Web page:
“The court found that the patent claims are directed to ‘the abstract idea of remotely updating content on a user device.’”
On January 24, the U.S. District Court for the Southern District of New York held EscapeX IP LLC’s U.S. Patent No. 9,009,113 patent ineligible as being directed to an abstract idea. The patent covers a process for allowing users to upload “dynamic albums” to be stored on their devices. The district court granted Block, Inc.’s (better known as music streaming platform Tidal) motion to dismiss the patent infringement suit pursuant to Rule 12(b)(6) of the Federal Rules of Civil Procedure.
According to the district court opinion, the patent’s specification states that “the patent seeks to remedy certain problems that currently exist with music streaming, including artists’ inability to effectively monetize their music, their lack of control over content once users have downloaded it, and the disconnect between streaming services and artists’ social media pages.” Of the 30 claims associated with the ‘113 patent, most relevant to the suit is independent claim 27, which claims a “’computer implemented method’ for receiving instructions from an artist to update a dynamic album stored on a user device.” EscapeX alleged that Block infringed the patent through its generation of song mixes that are curated to each user and change based on the user’s activity.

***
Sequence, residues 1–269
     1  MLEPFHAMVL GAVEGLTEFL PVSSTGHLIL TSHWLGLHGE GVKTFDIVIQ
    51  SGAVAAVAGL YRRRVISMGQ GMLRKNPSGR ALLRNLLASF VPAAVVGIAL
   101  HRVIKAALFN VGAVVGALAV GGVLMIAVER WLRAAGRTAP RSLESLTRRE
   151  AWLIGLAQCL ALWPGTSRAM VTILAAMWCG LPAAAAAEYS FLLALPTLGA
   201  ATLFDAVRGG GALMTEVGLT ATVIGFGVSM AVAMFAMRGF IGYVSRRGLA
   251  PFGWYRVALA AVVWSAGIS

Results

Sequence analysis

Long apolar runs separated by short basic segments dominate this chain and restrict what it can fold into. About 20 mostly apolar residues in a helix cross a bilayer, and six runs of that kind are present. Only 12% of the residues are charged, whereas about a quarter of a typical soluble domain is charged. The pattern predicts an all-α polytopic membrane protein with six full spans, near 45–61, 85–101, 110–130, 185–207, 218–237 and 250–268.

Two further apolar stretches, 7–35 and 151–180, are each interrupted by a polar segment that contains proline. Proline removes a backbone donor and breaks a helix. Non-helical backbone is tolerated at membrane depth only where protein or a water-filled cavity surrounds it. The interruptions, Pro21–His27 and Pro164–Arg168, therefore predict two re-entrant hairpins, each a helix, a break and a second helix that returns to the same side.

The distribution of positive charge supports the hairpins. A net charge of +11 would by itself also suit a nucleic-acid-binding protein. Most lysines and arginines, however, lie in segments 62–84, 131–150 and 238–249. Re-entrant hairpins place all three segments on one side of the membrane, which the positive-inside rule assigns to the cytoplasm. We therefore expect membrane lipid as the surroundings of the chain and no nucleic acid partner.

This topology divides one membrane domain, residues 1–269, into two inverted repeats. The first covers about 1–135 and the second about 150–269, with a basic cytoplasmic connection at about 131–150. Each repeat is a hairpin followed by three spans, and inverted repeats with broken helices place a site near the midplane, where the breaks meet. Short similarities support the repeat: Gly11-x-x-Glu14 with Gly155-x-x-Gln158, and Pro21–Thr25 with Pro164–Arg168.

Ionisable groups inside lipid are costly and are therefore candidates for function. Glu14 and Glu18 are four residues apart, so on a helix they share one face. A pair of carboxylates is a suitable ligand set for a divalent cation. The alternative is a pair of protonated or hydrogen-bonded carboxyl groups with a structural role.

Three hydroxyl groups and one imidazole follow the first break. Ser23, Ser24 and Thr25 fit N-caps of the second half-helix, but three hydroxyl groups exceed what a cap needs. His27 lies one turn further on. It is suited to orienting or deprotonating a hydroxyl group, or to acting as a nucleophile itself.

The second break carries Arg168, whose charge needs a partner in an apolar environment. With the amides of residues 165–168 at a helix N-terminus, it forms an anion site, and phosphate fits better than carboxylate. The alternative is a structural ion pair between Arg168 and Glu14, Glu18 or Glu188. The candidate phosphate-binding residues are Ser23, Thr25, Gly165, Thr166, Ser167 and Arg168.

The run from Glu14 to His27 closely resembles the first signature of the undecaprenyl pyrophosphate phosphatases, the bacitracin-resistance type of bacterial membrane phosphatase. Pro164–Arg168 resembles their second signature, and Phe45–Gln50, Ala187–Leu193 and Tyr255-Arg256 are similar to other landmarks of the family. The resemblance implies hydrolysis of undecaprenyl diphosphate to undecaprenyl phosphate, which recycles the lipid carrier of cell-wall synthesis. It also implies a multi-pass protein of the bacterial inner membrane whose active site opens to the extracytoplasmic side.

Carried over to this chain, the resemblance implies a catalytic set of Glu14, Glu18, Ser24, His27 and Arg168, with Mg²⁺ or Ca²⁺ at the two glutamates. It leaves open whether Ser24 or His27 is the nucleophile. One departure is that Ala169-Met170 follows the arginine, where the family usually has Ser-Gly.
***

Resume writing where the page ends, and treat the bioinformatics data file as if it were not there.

In its discussion, the court found that the patent claims are directed to “the abstract idea of remotely updating content on a user device.” At Alice step one, the district court did not agree with Block that the claims are identical to those described in Affinity Labs of Tex., LLC v. Amazon.com Inc., explaining that “the ’113 Patent goes a step beyond the Affinity Labs patent — by giving an artist control over the media content provided to a user device, rather than keeping that control with the user.” However, it nonetheless held that “this additional feature does not save the ’113 Patent at Alice step one” because the Federal Circuit “has repeatedly held that ‘claims reciting the collection, transfer, and publishing of data are directed to an abstract idea’” and has also held “the broad concept of communicating information wirelessly, without more” to be an abstract idea. Unlike the patents at issue in Uniloc USA, Inc. v. LG Electronics USA, Inc. or DDR Holdings, LLC v. Hotels,com, L.P., the patent merely “directs one
computing system to send instructions to another device, which then implements those instructions,” and ultimately “merely recites the use of generic computing devices in conventional ways,” said the court.
At Alice step two, the court rejected EscapeX’s argument that “providing artist control of a dynamic album on a user’s device” was previously impossible, thus constituting an inventive concept. The court said that the inventive concept alleged is nothing more than “a mere instruction to implement an abstract idea on a computer.” Citing ChargePoint, Inc. v. SemaConnect, Inc., the court noted the Federal Circuit there rejected a similar argument that the patent’s use of the abstract idea of “network control” to solve a problem, “without improving the functionality of the charging stations,” rendered the claims eligible for patent protection.
The court did not grant EscapeX leave to amend because it said the problem with the claims is substantive “so amendment would be futile.”